It didn’t take long for Long Ma to awaken and start moving, and then to start breathing fire and steam.

Long ma awakens #lamachine-2

Long ma awakens #lamachine-3

And then, to our surprised delight, it started moving – right toward us!

Long ma awakens #lamachine-7

We had to retreat to let it pass by. (Look at that tongue – how cool is that?)

Long ma awakens #lamachine-10

Long Ma rolled off down Laurier and then Elgin streets, in search of Kumo the giant spider. So. Many. People.

Long ma awakens #lamachine-12

It was truly extraordinary, and worth braving the downtown crowds to see it – although I’m not sure I’ll be able to entice the family downtown to go in search of Kumo the spider. I’d love to see their final “battle” on Sunday but I fear half the city will be there. If you’re curious, you can read the back story behind the event on the La Machine page on the Ottawa 2017 site. The gist of it is that Kumo has stolen Long Ma’s wings, and has been disturbed from her rest by the underground work on the LRT downtown, and now Long Ma roams the city in search of them.

If you do go, I’d suggest bringing water bottles and sunscreen, a decent camera and a bucketload of patience. We were downtown at least an hour early, parked four blocks away, and the crowds were still intense – but at least good-natured. I think it will only get more crazy as the weekend goes on. There are also a few more photos on Mothership Photography’s facebook page.

Have you been downtown to see Kumo and Long Ma? What did you think?


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Lighthouses are an iconic part of the PEI experience. In 2016, we even drove from one tip of the island to the other to earn our “tip to tip” lighthouse certificate! This trip, we visited no fewer than seven lighthouses in our adventures exploring PEI. They are as varied as they are beautiful, but after visiting the same places year after year, I felt like I should shake things up a bit with my photos.

There’s the “lighthouse peeking over the dunes” shot for some classic PEI flavour. This is Covehead Lighthouse, in PEI national park.

Covehead Lighthouse PEI

There’s the landlocked lighthouse. This is the New London Lighthouse, which we found while exploring near French River. I’ll have more photos from that adventure another day. We didn’t get too close, but it looks like the lighthouse keeper’s cottage is still attached to this one. How much fun would it be to live in a lighthouse? New London, by the way, is the birthplace of Lucy Maud Montgomery. One can imagine that the author of the beloved Anne of Green Gables stories gazed often upon this lighthouse!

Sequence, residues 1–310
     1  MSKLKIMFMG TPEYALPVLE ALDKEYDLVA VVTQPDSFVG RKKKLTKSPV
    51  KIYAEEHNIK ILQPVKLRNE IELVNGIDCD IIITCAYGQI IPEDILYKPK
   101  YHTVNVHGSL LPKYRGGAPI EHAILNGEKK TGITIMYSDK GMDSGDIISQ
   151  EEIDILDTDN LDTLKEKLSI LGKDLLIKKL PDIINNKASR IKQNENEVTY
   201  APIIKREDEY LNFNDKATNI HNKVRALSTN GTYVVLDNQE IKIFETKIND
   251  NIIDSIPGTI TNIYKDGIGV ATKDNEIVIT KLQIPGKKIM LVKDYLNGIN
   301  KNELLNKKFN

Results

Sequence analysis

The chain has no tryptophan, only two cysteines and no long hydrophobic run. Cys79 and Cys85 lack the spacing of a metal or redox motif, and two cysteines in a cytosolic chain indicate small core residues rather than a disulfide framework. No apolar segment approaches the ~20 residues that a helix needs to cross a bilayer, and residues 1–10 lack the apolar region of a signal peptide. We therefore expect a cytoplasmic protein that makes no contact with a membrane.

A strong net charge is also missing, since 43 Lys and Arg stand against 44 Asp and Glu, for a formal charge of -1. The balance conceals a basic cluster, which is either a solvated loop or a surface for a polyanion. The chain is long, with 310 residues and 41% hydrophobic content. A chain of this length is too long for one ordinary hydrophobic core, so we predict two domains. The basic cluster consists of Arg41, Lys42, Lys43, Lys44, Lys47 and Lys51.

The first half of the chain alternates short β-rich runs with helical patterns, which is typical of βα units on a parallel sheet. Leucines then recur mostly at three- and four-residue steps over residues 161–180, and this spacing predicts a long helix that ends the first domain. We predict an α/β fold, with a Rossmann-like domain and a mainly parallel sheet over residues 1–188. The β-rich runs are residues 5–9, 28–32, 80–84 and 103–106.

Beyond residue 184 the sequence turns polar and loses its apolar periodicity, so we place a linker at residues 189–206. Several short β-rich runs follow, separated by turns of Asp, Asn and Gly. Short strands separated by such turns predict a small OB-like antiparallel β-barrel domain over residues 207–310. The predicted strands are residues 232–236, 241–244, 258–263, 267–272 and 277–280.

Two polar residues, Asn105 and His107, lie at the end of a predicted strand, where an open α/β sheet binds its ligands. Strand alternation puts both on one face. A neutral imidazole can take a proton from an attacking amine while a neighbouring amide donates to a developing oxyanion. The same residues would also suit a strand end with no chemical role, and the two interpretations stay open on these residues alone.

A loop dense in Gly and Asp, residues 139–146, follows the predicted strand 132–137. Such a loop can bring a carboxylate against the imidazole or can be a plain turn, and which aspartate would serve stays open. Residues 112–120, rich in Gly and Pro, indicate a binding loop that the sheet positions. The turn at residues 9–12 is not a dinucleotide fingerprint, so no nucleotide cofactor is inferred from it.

Cape Tryon Lighthouse PEI

And speaking of iconic (did you say “cliche”?) shots, you can’t go wrong with some lobster traps in the foreground and a lighthouse in the background. This is the Souris lighthouse, and if you like seaglass, you simply must visit the wonderful seaglass exhibit inside the lighthouse.

Souris Lighthouse and lobster traps

This year, we paid our first visit to PEI’s oldest lighthouse at Point Prim. I thought a black and white treatment worked, and really like the addition of the silhouetted person walking into the lighthouse.

Point Prim Lighthouse, PEI

By the time we got to the last day of our trip, I had taken a LOT of pictures, of the boys and of lighthouses and of the boys with lighthouses. We started to get a little silly. I noticed that Lucas was just about the right size to make this forced perspective shot work.

Lucas and the Souris Lighthouse

About two seconds later, Tristan nearly gave me a heart attack by leaping from one boulder to another nearby, and a new idea was born. With a little bit of planning, a big leap and lot of luck, this shot worked out just about perfectly.

Tristan leaping over Souris Lighthouse

Lighthouses are awesome! Do you have a favourite? Which of these shots do you like best?


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We’ve just returned from our annual vacation in Prince Edward Island, and I have a *cough* few photos to share.

This might be my new favourite photo of the boys, taken in Souris.

Boys in Souris